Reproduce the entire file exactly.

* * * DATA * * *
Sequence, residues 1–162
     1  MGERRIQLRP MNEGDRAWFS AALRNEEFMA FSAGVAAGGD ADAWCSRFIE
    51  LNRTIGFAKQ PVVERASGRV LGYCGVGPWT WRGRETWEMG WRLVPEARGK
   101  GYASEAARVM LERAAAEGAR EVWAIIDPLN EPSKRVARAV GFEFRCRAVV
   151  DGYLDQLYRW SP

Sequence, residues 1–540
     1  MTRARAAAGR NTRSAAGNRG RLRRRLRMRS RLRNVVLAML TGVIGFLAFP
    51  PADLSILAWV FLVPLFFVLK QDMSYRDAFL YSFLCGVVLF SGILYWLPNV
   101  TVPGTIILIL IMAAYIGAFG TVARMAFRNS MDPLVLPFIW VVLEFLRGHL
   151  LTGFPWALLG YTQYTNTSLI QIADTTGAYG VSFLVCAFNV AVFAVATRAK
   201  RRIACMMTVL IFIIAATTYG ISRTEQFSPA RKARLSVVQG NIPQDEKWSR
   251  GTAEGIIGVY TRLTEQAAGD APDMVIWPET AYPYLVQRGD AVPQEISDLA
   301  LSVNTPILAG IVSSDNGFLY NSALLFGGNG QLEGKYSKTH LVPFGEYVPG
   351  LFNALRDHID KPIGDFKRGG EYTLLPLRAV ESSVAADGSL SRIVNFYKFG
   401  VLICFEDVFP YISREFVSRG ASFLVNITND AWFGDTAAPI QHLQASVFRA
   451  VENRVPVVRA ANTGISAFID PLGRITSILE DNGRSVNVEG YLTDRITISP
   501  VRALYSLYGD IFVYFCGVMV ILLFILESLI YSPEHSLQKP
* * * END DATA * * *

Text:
Sequence, residues 1–162
     1  MGERRIQLRP MNEGDRAWFS AALRNEEFMA FSAGVAAGGD ADAWCSRFIE
    51  LNRTIGFAKQ PVVERASGRV LGYCGVGPWT WRGRETWEMG WRLVPEARGK
   101  GYASEAARVM LERAAAEGAR EVWAIIDPLN EPSKRVARAV GFEFRCRAVV
   151  DGYLDQLYRW SP

Sequence, residues 1–540
     1  MTRARAAAGR NTRSAAGNRG RLRRRLRMRS RLRNVVLAML TGVIGFLAFP
    51  PADLSILAWV FLVPLFFVLK QDMSYRDAFL YSFLCGVVLF SGILYWLPNV
   101  TVPGTIILIL IMAAYIGAFG TVARMAFRNS MDPLVLPFIW VVLEFLRGHL
   151  LTGFPWALLG YTQYTNTSLI QIADTTGAYG VSFLVCAFNV AVFAVATRAK
   201  RRIACMMTVL IFIIAATTYG ISRTEQFSPA RKARLSVVQG NIPQDEKWSR
   251  GTAEGIIGVY TRLTEQAAGD APDMVIWPET AYPYLVQRGD AVPQEISDLA
   301  LSVNTPILAG IVSSDNGFLY NSALLFGGNG QLEGKYSKTH LVPFGEYVPG
   351  LFNALRDHID KPIGDFKRGG EYTLLPLRAV ESSVAADGSL SRIVNFYKFG
   401  VLICFEDVFP YISREFVSRG ASFLVNITND AWFGDTAAPI QHLQASVFRA
   451  VENRVPVVRA ANTGISAFID PLGRITSILE DNGRSVNVEG YLTDRITISP
   501  VRALYSLYGD IFVYFCGVMV ILLFILESLI YSPEHSLQKP